I remember when all this was chat rooms, bulletin boards and Geocities, when folks would go to a paper’s website to spend half an hour or so getting caught up on the news, and the idea of using our phones for more than calls or texts was years away.. Then social media came along and gobbled everything up. And now, it seems, it’s vomiting all over itself.
Elon Musk is destroying Twitter — or, at least, everything about it that was worth anything. Meta, which used to be known as Facebook, has finally acknowledged its essential uselessness by “giving up” on news and laying off 11,000 humans.
Is it possible that we are at the end of the Social Media Age? Lord I hope so.
I am pretty sure it used to be fun. I was an early adopter to social media — I still have a MySpace page out there somewhere, relegated to the internet garbage heap along with my Earthlink email address and a couple thousand articles and columns I wrote between 2002-13.
I liked MySpace because it gave me a opportunity to catch up with people from my past, which was a lot more difficult even 15 years ago than it was today. But I guess I never really “got it” in that I never rigged my page to play music when people came to it and I did not yet know what emojis were.
Rupert Murdoch ruined MySpace just by buying it, because by the time someone like Rupert Murdoch finds out about something, it is no longer cool.
Facebook opened to the general public — basically people who had aged out of the college demographic, its initial user base — in September 2006; I had a page by 2007, and I loved it for looking at old girlfriends’ vacation pics and analyzing who had aged the worst since high school. Olds like me took over Facebook in short order, pushing the young people to the margins while we took the NY Times quiz and got into arguments about politics. They never came back. None of my kids, ages 18-22, are on Facebook.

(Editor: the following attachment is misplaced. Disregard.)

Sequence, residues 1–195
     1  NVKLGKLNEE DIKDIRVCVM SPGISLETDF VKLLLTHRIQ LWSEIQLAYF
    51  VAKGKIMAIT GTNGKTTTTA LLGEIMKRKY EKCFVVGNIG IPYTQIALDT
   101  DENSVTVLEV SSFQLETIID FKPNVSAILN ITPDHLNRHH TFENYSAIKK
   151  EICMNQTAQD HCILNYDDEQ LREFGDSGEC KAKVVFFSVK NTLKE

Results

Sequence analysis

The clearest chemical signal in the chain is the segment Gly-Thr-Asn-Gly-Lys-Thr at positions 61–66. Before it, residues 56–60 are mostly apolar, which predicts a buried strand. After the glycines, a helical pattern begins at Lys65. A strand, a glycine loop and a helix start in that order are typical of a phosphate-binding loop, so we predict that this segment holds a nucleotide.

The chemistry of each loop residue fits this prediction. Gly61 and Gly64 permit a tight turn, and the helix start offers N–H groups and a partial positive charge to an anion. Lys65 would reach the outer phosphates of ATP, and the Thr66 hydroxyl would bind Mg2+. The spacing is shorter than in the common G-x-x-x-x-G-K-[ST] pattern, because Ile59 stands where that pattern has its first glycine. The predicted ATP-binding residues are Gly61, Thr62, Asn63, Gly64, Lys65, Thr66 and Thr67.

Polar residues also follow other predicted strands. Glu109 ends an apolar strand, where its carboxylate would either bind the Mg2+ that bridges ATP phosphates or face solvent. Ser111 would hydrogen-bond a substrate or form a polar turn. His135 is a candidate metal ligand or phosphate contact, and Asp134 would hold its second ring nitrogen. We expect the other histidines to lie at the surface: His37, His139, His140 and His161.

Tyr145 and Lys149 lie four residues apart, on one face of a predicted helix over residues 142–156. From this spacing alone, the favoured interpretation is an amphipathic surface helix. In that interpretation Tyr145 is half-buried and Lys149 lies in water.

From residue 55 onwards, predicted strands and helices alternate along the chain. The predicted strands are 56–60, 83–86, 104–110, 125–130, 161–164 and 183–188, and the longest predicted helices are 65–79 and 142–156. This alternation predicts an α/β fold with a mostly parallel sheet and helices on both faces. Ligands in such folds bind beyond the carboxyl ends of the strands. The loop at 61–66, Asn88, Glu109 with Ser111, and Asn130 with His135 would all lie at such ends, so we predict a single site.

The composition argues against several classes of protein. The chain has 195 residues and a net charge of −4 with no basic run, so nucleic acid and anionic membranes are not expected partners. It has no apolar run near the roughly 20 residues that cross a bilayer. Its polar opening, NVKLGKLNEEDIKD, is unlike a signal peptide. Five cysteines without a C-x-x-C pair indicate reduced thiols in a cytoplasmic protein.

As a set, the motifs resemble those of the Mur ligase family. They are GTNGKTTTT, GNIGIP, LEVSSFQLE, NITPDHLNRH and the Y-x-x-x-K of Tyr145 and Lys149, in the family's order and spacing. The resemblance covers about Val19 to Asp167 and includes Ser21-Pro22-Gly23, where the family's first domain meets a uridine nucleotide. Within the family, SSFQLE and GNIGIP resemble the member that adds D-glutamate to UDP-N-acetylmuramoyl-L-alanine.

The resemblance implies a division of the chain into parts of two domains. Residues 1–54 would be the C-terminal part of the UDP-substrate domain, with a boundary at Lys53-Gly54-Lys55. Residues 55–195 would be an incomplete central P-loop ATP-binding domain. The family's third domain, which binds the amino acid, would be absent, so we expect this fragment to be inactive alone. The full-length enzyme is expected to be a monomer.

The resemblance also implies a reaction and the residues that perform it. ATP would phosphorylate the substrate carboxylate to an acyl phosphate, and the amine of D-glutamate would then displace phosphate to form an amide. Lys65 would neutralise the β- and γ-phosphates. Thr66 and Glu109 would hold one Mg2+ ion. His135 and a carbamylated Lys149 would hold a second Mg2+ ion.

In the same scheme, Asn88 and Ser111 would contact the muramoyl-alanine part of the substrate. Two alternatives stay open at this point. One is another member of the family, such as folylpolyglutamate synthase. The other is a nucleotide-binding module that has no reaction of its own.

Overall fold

Twitter, for me, was different. I used it to follow breaking news, keep up with journalists I respect and people who make me laugh. I never felt the need to include my extended relatives or old friends from the neighborhood in my feed. And I got more out of it than I put in, for sure.
But like everything else, it seems, Twitter sucks now.
I don’t Tik-Tok. I won’t Mastodon. There’s nothing else out there for me, and I know I’m not alone.
Still, I’m hoping there’s no “next big thing” in social media. Perhaps at one time these networks were too big to fail, but now they’ve become too big to succeed.
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